The Anatomy of the Lower Leg Muscles

The lower leg lies between the knee and the ankle. There are many muscles located in the lower leg, but there are three that are particularly well known—the gastrocnemius and the soleus, which are the most powerful muscles in the lower leg, and the anterior tibialis. The Achilles tendon is also located in the lower leg.

Female athelete running on a sidewalk
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Bone Structure of the Lower Leg

Lower Leg bones

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The lower leg comprises two very strong, long bones: the fibula the tibia (shinbone). The tibia is stronger and more prominent than the fibula. It is located toward the middle of the lower leg. The fibula, or calf bone, is smaller and located on the lower leg's outside.

The lower leg is also home to nerve fibers, including the superficial fibular (or peroneal) nerve, the deep fibular (or peroneal) nerve, and the tibial nerve. The primary muscle in this part of the body is the gastrocnemius, which gives the calf its signature bulging, muscular appearance.

The anterior tibial, posterior tibial, and fibular arteries are responsible for blood supply to the lower leg. The lower leg makes up a large portion of an individual's overall body weight. It is an essential structure for any weight-bearing activity, such as walking, standing, running, or jumping.

Common conditions that affect the lower leg include stress fractures, compartment syndrome, shin splints, and muscle tears.

Muscles of the Lower Leg

Lower leg muscles

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The lower leg is divided into four compartments that contain the various muscles of the lower leg—anterior, lateral, posterior and deep posterior.

Anterior Compartment

The anterior compartment, in the front of the shin, holds the tibialis anterior, the extensor digitorum longus, the extensor hallucis longus, and the peroneus tertius muscles. These muscles pull the toes and feet upward, a process known as dorsiflexion.

The tibialis anterior also assists in turning the foot inward. You can feel these muscles contract by placing your hand just to the outside of the tibia and pulling your foot up.

Lateral Compartment

The lateral compartment is along the outside of the lower leg. It contains the peroneus longus and peroneus brevis muscles. These muscles pull the toes and feet outward. They also help with pointing the foot, or plantarflexion. To feel these muscles contract, place your hand on the outside of your shin and turn your foot out.

Posterior Compartment

The posterior compartment holds the large muscles that we know as the calf muscles—the gastrocnemius and soleus. This compartment also contains plantaris muscle.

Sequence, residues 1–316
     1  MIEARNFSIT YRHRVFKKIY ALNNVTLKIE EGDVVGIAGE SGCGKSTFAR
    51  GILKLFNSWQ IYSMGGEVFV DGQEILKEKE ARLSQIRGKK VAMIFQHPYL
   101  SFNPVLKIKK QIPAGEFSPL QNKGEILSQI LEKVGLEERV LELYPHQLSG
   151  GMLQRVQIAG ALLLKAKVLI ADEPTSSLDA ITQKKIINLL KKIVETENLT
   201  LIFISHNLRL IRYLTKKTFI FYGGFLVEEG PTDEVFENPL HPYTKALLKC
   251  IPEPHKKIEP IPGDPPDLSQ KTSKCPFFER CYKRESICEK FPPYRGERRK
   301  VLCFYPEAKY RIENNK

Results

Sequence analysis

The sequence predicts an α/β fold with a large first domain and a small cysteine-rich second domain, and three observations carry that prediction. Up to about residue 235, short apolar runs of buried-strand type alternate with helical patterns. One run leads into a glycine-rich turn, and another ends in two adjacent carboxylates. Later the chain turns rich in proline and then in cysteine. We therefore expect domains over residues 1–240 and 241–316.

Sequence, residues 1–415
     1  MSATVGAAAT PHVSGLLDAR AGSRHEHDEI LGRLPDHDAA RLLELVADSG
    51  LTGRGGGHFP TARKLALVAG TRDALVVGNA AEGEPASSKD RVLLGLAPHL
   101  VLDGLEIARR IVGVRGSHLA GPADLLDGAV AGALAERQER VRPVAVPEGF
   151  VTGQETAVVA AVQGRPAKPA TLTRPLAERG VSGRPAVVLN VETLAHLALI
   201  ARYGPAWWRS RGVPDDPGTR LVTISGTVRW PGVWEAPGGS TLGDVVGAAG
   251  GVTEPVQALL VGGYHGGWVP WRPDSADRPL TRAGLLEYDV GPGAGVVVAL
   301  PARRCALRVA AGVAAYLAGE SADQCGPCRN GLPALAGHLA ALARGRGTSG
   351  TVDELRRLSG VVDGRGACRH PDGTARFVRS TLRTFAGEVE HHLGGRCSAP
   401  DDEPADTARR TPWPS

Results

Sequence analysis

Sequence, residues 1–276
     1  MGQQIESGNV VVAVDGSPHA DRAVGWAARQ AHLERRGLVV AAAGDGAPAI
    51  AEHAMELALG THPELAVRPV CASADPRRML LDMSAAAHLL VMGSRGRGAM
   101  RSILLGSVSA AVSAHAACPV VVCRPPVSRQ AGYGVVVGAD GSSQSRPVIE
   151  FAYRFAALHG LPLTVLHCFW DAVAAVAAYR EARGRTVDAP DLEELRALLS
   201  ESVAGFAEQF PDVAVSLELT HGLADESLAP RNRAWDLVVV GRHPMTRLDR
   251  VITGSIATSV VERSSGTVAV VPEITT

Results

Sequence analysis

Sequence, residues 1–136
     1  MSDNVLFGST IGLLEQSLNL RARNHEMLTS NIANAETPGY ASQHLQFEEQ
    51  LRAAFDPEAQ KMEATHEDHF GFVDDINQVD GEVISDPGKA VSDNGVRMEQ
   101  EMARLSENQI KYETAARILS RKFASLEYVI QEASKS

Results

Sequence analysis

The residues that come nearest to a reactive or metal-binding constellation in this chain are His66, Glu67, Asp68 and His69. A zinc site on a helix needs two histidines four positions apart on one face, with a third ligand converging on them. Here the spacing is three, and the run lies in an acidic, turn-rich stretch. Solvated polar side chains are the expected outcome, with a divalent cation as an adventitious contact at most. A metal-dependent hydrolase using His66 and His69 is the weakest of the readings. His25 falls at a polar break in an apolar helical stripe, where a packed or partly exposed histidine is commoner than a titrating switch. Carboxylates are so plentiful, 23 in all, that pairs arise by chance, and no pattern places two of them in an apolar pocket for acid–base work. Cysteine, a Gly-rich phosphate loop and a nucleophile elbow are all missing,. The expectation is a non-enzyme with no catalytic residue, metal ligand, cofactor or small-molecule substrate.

The gastrocnemius is shorter, thicker and has two inner and outer attachments. It is the most visible of the calf muscles. The soleus lies underneath. These three muscles attach to the Achilles tendon, and they all aid with plantarflexion.

Deep Posterior Compartment

The deep posterior compartment lies deep within the back of the lower leg. It includes the tibialis posterior, the flexor digitorum longus and the flexor hallucis longus.

The tibialis posterior pulls the foot inward, the flexor digitorum longus flexes the toes, and the flexor hallucis longus flexes the big toe. All three aid in plantarflexion.

Frequently Asked Questions

  • What causes pain in the lower leg?

    There are a number of issues that can cause lower leg pain. These include:

    • Muscle cramps, known as charley horse
    • Injuries to the muscles, tendons, nerves, or bones
    • Peripheral artery disease, which causes problems with blood flow in the legs
    • Blood clot
    • Inflammation
    • Varicose veins
  • Why are my lower leg muscles so tight?

    Not moving enough can cause muscles to tighten, but so can overtraining. Other common reasons for tight muscles include dehydration, injury, or a side effect of medication such as cholesterol medicine. Calf muscles may also become extremely tight if you have plantar fasciitis.

  • Which muscles are in the lower leg?

    There are three main muscles: the tibialis anterior is in the front of the shin, the gastrocnemius forms the calf muscle, and the soleus which is attached to the Achilles tendon.

3 Sources
Verywell Health uses only high-quality sources, including peer-reviewed studies, to support the facts within our articles. Read our editorial process to learn more about how we fact-check and keep our content accurate, reliable, and trustworthy.
  1. Cantrell AJ, Imonugo O, Varacallo M. Anatomy, bony pelvis and lower limb, leg bones. StatPearls.

  2. MedlinePlus. Leg pain.

  3. Bolívar YA, Munuera PV, Padillo JP. Relationship between tightness of the posterior muscles of the lower limb and plantar fasciitis. Foot Ankle Int. 2013;34(1):42-48. doi:10.1177%2F1071100712459173

By Elizabeth Quinn
Elizabeth Quinn is an exercise physiologist, sports medicine writer, and fitness consultant for corporate wellness and rehabilitation clinics.